Bottom of a Magic Mouse

(Image credit: Future)

I’m sure you know where I am going with this off the heading alone: that Magic Mouse! 

Apple’s aesthetic has been carefully crafted and fine-tuned across the years, giving it all a signature ‘look’. But sometimes they sacrifice practicality for the design ethos and that can lead to a wireless mouse that has a charging port on the bottom. So, sucks to be you if your mouse dies right when you need it.

Don’t get me wrong, the Magic Keyboard is excellent  - and has a very endearing name - but Apple doesn’t seem to consider the wide breadth of people that will be using their products. You could argue that Microsoft has some pretty boring peripherals, but they’re functional and you can tell they prioritise functionality over everything else which is greatly appreciated.

Microsoft towers over Apple in the realm of accessible technology as well, and this is 

def think Apple could learn from Microsoft's peripherals. Their Adaptive Accessories (opens in new tab) are built around different users' needs to allow everyone the opportunity to interact with technology in a way that doesn’t exclude but rather adapts to them, which is something Apple has definitely fallen short of. The accessories don’t break the bank either, which is again a lesson Apple could learn from.

3. Stop sitting around when it comes to new stuff

There is no need to be fashionably late to everything - see AI. It is easy to argue that Apple is simply ‘watching and waiting’ while other companies like Microsoft and Google plough onwards. And if they do adopt AI that’s probably their current strategy, so Apple can come out with a refined version, that does feel a little lazy.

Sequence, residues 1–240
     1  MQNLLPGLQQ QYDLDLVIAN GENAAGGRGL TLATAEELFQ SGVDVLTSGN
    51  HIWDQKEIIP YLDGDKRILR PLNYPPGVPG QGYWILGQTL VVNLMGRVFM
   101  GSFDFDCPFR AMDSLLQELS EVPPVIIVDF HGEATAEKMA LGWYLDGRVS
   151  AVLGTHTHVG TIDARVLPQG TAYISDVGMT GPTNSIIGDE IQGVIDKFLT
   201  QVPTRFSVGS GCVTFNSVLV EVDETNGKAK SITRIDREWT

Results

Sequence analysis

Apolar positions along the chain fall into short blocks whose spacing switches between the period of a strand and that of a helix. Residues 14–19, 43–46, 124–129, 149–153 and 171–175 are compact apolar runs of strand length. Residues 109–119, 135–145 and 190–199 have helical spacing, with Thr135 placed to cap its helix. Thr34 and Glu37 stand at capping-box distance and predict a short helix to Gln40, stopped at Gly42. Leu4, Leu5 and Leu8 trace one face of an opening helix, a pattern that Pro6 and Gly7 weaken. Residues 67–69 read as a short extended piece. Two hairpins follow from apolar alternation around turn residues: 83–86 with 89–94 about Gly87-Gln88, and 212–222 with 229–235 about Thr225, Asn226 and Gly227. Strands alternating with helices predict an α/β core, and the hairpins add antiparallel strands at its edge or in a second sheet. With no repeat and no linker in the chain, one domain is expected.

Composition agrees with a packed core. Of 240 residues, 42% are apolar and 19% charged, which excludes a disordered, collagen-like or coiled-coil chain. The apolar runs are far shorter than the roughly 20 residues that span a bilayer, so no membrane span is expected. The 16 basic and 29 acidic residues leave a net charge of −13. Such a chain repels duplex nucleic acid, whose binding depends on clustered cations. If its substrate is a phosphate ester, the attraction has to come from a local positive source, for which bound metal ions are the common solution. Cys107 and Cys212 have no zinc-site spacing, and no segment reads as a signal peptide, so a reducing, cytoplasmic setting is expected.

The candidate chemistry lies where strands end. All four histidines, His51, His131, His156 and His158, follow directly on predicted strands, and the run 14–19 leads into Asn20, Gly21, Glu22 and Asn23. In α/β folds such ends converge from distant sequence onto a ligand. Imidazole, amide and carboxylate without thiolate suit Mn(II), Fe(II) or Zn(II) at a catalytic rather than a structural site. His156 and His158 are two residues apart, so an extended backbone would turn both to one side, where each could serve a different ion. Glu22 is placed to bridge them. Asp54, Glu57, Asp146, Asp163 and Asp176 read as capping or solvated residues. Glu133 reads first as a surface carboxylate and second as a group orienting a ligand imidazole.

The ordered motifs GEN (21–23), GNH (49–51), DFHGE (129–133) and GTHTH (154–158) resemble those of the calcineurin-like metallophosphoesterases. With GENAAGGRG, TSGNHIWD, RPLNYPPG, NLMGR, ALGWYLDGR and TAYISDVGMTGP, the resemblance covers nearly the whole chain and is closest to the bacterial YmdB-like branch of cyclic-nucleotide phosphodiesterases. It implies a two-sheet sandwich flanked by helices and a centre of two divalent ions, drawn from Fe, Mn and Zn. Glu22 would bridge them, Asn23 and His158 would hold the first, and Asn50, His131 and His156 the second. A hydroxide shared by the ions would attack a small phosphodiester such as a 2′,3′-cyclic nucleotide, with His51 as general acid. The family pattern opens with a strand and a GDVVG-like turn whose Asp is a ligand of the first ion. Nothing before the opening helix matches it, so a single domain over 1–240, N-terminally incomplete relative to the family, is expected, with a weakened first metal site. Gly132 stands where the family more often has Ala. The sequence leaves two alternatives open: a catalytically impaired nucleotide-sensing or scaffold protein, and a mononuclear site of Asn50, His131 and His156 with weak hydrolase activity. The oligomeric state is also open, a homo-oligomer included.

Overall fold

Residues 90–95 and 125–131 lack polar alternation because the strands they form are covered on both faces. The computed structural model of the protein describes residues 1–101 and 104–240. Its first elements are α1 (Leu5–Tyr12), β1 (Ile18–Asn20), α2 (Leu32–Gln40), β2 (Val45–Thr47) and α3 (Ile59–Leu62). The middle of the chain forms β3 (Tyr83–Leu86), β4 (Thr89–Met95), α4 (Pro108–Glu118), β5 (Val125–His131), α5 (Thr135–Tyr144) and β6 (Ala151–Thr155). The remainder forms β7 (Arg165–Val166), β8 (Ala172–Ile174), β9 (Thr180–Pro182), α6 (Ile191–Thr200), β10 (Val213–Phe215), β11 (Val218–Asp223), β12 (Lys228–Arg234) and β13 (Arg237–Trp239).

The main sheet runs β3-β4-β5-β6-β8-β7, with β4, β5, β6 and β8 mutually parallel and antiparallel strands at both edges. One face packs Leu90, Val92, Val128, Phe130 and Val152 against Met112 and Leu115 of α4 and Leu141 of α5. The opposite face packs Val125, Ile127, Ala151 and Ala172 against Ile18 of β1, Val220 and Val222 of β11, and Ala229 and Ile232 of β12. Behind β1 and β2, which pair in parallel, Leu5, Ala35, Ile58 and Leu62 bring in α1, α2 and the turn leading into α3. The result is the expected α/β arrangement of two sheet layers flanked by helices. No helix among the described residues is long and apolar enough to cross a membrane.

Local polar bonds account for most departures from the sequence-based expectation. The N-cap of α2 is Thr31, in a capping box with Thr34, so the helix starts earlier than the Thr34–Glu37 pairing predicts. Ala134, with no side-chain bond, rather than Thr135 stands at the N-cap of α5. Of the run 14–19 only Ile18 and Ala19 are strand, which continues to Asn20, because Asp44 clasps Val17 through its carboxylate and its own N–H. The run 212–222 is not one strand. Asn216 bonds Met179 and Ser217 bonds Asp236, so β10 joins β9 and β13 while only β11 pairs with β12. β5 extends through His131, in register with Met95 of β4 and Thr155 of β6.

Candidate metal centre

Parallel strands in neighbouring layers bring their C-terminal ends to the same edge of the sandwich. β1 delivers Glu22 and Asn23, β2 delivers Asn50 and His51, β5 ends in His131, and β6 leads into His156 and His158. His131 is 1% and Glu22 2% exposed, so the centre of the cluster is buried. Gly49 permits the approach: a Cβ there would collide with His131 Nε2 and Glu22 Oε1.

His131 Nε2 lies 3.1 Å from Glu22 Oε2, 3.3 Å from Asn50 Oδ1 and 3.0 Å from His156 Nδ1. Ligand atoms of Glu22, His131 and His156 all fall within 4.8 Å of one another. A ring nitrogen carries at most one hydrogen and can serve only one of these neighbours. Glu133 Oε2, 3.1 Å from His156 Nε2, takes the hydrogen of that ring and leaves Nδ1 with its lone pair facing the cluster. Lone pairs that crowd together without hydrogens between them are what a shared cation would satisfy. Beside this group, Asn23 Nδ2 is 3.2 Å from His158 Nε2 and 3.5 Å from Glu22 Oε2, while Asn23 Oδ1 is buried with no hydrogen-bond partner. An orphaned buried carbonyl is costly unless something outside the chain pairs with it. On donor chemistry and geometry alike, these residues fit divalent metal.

Your stance on AI aside you have to admit they’re going to be late to the game and have to compete with developing chatbots that a lot of people have invested a lot of time into. 

People have ridden the highs and lows of Microsoft’s Bing AI and it hasn’t even been out in the public for that long, but that kind of investment can’t be topped. People know how to use ChatGPT and Bing - and slowly, Bard - and have projects, small businesses or a backlog of chats with them that Apple can’t compete with.

Muskaan Saxena
Computing Staff Writer

Muskaan is TechRadar’s UK-based Computing writer. She has always been a passionate writer and has had her creative work published in several literary journals and magazines. Her debut into the writing world was a poem published in The Times of Zambia, on the subject of sunflowers and the insignificance of human existence in comparison.

Growing up in Zambia, Muskaan was fascinated with technology, especially computers, and she's joined TechRadar to write about the latest GPUs, laptops and recently anything AI related. If you've got questions, moral concerns or just an interest in anything ChatGPT or general AI, you're in the right place.

Muskaan also somehow managed to install a game on her work MacBook's Touch Bar, without the IT department finding out (yet).